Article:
Online, Brands Are Built One Atom At A Time

Jason Fry of Reinventing The Newsroom wonders what content atomization means to media brands. On Harvard’s Nieman Journalism Lab, Fry argues that media brands are increasingly meaningless today because we, as readers, don’t rely on them for news; rather, we rely on our network for leads to news and search engines to find said news.

Too often, home pages are committee-built disasters anyway — a cacophony of news, features and corporate messaging from every internal constituency too big to be ignored. Readers, relentlessly trained to hunt for signal, rightly dismiss them as noise. When he was consulting for the Guardian, TBD.com’s Jim Brady shut down the Guardian America front page, explaining to PaidContent’s David Kaplan that “you’re better off putting your stories on Twitter and posting them on Digg and Facebook and pitching them to blogs that can move a lot of traffic, than posting them on a section front that’s getting no traffic anyway. One of the things I pushed for was that you have to get away from the idea of getting people to simply come to your home page. You have to get your home page to the people.”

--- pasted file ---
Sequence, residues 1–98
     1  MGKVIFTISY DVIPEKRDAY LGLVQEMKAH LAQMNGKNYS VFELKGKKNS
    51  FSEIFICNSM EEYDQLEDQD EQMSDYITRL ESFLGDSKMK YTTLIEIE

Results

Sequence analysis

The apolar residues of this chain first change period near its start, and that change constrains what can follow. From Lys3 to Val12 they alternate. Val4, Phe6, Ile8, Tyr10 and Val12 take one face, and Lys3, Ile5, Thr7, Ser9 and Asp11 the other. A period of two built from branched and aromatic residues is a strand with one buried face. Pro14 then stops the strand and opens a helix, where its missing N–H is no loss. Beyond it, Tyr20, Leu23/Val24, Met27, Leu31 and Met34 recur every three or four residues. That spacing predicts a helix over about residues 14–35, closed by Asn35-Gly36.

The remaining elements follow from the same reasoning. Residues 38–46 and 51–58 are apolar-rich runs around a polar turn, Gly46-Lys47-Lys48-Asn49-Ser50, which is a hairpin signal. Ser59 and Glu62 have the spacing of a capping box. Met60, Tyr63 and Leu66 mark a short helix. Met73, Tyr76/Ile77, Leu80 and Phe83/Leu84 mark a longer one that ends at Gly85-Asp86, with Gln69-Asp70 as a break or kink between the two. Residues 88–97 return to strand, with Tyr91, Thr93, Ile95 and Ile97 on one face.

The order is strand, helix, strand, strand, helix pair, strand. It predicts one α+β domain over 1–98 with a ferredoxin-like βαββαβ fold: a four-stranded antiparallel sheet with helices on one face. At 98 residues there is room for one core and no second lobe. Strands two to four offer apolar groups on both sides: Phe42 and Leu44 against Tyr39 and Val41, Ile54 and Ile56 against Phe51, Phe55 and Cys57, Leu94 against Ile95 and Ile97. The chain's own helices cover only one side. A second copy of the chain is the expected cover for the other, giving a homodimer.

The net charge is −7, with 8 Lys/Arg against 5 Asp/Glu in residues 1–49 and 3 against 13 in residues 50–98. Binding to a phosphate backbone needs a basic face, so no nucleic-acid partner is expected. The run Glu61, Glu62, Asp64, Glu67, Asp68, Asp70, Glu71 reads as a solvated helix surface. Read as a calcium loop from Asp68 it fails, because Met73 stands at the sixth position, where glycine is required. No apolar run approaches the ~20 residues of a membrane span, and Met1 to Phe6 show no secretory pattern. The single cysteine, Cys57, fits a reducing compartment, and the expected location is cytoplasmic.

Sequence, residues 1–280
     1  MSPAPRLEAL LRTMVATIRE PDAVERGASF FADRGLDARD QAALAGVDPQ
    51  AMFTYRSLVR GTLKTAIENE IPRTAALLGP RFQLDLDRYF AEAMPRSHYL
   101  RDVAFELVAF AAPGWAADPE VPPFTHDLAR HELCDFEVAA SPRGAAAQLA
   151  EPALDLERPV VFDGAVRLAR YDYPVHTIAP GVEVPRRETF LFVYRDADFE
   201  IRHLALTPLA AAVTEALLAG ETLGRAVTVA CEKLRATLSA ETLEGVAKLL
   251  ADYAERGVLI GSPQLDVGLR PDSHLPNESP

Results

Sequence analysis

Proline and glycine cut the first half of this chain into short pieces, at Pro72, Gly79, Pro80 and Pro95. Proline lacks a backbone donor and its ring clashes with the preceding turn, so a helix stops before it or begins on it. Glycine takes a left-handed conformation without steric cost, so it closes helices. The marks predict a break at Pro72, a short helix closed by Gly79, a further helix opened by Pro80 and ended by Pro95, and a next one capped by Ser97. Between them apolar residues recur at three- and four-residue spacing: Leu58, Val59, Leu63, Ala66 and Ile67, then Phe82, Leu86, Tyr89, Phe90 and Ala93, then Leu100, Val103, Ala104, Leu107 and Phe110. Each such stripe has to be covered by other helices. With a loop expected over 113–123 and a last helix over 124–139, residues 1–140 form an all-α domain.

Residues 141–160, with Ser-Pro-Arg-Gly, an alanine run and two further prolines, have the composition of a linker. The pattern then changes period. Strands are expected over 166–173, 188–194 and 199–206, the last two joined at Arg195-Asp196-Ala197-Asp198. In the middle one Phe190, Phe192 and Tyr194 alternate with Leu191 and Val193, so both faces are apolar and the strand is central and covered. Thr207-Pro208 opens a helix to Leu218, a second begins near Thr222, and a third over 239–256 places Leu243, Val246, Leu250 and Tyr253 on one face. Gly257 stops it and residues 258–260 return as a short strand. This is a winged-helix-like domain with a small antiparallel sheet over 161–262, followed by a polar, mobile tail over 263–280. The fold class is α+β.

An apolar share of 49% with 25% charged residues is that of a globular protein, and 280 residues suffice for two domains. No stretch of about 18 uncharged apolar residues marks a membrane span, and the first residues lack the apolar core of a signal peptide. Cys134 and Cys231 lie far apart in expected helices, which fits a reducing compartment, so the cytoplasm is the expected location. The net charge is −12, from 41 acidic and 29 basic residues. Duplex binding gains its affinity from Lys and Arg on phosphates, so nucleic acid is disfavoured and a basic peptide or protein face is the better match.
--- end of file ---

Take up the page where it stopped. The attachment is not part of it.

What can non-media brands learn here? Plenty. For one, any brand operating online needs to create content worth talking about and sharing, and it must be easy to find via search. This may sound simple, but it’s not. Media companies are content pros, and they’re struggling to adopt an entire new set of rules for the digital space. It’s like they were playing polo for 100 years and now all of a sudden, they’re made to play water polo.

Fry mentions consumers relentlessly hunt for signal while ignoring the fluff. That’s also the way people shop online, whether they’re shopping for information, or shopping for a product in an online store. Again, there’s a lot to learn here for brands of all shapes and sizes. Traditional advertising is heavy on the fluff, but that doesn’t play online, not when someone is hunting for a good price on a new canoe or that special case of wine.

The point about needing to get your homepage to the people is also well made. To me it means more than adding one’s URL to every point of contact, it means making one’s homepage worth visiting. As mentioned, that takes content that’s worth sharing and easy to find. It also means the brand’s website and social channels must be a special destination of some sort. Brand loyalists need to be rewarded for their visits and time spent. This can be accomplished through web-only promotions, by creating special clubs for online fans and/or by incorporating social gaming mechanics into a site.

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